This Wednesday (September 30, 2015) PBF Energy announced their acquisition of the 155 Mb/d ExxonMobil Torrance, CA refinery that has been out of commission since February 2015 and will not likely return to service until February 2016. This PBF purchase is their second refinery buy this year and their fifth since 2010. The sophisticated Torrance refinery has a lot of upside potential for PBF but may be constrained by California transport fuel regulations. Today we take a closer look at the deal.
The deluge of light (and super light) sweet crude from U.S. tight-oil plays like the Permian Basin, Bakken and Eagle Ford has had many effects, including a push by refiners to rework facilities designed for heavy-crude processing to handle an excess of lighter oils. Many of these projects are underway and expected online in the next two years. Today, we consider refinery infrastructure investments that might not pan out in a low crude price world.
The opening up of Mexico’s retail liquefied petroleum gas (LPG) market could provide significant opportunities for U.S. propane and butane producers, as well as midstream companies and exporters. If exports of U.S.- sourced LPG are to increase, though, it would help to have a more robust and efficient system than presently exists for transporting the fuel to the U.S.-Mexico border and, from there, to key LPG consumption markets within Mexico. Today, we continue our look at Mexican LPG imports with a review of existing and planned pipelines.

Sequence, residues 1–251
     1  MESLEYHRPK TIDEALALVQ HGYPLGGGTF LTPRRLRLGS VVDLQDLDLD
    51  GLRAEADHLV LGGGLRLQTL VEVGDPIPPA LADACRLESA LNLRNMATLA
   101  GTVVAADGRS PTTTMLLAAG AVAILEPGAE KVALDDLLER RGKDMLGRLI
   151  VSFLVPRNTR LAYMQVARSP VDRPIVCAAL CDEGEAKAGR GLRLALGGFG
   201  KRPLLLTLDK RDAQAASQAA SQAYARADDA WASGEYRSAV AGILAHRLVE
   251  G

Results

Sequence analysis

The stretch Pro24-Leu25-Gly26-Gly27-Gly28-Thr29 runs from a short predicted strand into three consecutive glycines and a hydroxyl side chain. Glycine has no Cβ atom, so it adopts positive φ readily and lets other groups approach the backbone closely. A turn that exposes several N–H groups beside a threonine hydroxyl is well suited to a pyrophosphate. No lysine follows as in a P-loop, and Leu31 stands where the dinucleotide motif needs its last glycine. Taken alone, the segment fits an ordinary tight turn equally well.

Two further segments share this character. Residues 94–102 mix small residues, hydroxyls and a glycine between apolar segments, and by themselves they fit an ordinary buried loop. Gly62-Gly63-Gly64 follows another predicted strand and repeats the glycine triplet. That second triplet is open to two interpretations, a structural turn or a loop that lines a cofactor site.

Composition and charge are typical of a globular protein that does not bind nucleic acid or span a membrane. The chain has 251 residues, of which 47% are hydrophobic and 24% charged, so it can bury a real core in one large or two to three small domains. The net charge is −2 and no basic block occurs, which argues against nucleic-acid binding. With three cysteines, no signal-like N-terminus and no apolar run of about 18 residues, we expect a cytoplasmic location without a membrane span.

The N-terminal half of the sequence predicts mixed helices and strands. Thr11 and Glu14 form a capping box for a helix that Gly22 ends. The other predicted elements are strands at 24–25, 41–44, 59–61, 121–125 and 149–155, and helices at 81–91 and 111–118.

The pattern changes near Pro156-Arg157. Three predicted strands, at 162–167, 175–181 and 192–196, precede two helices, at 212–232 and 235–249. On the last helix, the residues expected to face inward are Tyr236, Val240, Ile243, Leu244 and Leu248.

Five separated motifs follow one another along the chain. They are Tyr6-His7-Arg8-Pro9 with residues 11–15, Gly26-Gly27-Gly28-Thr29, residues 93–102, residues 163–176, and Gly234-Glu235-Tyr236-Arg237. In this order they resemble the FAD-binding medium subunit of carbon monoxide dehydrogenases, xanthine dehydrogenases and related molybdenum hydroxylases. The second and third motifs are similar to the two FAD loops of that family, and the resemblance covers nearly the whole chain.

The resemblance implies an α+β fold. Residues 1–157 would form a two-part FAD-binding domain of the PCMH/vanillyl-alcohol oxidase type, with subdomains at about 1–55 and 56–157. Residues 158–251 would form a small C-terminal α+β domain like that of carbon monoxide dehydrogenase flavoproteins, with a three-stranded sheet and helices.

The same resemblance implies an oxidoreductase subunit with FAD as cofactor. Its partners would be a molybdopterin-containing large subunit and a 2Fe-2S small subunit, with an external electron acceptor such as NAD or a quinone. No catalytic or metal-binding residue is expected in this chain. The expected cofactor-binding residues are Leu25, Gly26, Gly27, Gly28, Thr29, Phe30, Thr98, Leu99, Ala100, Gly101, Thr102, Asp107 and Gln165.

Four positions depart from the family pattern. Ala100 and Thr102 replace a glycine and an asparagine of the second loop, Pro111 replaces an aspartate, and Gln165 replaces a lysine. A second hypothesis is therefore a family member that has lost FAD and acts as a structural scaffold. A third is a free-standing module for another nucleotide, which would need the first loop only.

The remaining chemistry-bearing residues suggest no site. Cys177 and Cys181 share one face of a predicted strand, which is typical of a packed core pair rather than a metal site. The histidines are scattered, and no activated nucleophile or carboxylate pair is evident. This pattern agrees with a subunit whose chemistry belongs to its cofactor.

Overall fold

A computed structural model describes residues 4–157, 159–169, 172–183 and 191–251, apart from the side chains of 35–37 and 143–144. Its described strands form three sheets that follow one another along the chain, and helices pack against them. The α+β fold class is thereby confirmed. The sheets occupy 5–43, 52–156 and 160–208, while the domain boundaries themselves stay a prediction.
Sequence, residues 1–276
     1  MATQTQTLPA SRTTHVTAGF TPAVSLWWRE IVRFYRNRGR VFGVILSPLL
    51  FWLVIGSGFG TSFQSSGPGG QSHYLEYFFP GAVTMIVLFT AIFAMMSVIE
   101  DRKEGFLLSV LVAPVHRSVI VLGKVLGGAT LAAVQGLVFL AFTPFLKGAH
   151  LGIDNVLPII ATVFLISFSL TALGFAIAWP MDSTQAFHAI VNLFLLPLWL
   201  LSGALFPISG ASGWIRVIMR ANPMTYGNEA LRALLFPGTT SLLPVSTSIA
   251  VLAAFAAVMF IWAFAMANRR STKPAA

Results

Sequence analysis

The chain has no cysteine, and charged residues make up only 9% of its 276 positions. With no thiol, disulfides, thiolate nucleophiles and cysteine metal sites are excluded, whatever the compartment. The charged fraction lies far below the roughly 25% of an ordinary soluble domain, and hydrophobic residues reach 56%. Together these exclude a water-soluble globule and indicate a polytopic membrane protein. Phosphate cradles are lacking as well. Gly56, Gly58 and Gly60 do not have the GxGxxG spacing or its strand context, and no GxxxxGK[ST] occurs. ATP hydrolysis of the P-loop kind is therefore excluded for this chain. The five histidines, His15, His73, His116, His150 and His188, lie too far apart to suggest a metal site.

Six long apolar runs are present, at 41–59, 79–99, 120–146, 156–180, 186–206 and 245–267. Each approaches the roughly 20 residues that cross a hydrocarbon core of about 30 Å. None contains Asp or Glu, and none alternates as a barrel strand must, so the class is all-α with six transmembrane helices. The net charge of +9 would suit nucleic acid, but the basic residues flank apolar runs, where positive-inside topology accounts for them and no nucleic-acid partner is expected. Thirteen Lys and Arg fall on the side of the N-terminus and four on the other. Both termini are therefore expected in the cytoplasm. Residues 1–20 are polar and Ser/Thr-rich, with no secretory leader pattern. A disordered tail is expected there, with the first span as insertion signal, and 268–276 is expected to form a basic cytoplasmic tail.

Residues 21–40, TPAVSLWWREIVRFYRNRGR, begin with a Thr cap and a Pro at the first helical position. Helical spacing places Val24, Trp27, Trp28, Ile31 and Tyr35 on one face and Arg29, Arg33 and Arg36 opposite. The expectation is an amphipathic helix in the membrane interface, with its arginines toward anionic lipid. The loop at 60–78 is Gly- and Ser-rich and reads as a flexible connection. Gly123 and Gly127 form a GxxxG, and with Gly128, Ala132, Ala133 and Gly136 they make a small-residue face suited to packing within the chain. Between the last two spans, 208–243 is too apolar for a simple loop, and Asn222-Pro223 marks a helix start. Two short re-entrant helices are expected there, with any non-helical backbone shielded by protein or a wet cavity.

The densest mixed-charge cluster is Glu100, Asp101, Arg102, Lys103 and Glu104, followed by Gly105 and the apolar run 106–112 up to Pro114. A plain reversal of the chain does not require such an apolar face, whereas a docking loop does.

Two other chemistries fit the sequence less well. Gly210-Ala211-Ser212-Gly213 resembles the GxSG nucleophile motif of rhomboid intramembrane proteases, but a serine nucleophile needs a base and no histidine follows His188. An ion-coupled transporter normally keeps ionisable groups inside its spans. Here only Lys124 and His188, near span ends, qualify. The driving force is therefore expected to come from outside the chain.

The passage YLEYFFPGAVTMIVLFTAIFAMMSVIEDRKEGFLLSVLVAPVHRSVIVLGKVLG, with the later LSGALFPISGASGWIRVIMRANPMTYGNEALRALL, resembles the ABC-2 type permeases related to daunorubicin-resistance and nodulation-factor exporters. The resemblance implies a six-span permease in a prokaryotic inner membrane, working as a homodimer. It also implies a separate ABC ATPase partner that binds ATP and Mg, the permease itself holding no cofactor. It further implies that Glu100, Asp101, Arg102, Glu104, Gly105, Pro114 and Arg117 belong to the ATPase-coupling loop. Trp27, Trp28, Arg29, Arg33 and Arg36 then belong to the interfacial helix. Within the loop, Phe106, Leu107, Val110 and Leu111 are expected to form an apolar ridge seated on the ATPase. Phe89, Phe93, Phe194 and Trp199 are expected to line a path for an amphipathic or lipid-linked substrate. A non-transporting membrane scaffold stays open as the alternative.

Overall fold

A question we get asked all the time these days is whether or not U.S. crude output has begun to decline yet and if so by how much? We don’t actually think the answer makes a lot of difference to the market - especially when you consider changing imports and inventory. But ever since the OPEC meeting last November (2014) failed to take action to reduce output to support oil prices - market watchers have placed a lot of emphasis on when U.S. shale producers would respond by cutting production. So regardless of the merits of the question we are all living in a marketplace where knowing the “real” state of U.S. production – and whether it is up or down – has become a big deal. To that end today we look at crude production data from the Energy Information Administration (EIA).